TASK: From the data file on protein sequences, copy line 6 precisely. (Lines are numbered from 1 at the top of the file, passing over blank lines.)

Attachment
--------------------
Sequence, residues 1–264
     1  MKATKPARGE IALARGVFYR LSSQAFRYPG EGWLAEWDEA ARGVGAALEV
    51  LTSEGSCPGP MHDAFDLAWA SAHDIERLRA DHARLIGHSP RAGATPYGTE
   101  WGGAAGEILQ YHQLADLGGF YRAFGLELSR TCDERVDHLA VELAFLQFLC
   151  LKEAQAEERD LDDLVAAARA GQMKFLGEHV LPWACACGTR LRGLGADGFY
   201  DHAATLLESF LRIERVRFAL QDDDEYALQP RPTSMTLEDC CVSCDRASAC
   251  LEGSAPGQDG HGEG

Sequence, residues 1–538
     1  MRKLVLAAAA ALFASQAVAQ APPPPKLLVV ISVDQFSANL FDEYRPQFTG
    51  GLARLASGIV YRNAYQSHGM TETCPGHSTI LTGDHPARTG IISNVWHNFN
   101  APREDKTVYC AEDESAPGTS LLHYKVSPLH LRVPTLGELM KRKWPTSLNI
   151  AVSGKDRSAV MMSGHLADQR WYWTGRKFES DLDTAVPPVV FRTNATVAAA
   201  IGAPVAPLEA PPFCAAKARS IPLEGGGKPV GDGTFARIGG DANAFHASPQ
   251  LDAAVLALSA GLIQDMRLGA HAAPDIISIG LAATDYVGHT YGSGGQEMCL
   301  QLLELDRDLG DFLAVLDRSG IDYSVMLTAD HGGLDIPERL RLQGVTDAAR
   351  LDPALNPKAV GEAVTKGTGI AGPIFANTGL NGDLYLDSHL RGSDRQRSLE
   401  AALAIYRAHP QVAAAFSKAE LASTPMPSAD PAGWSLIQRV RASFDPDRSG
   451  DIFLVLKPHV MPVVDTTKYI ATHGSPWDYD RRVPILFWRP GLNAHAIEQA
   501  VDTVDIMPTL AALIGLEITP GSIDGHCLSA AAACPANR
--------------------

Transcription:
   201  DHAATLLESF LRIERVRFAL QDDDEYALQP RPTSMTLEDC CVSCDRASAC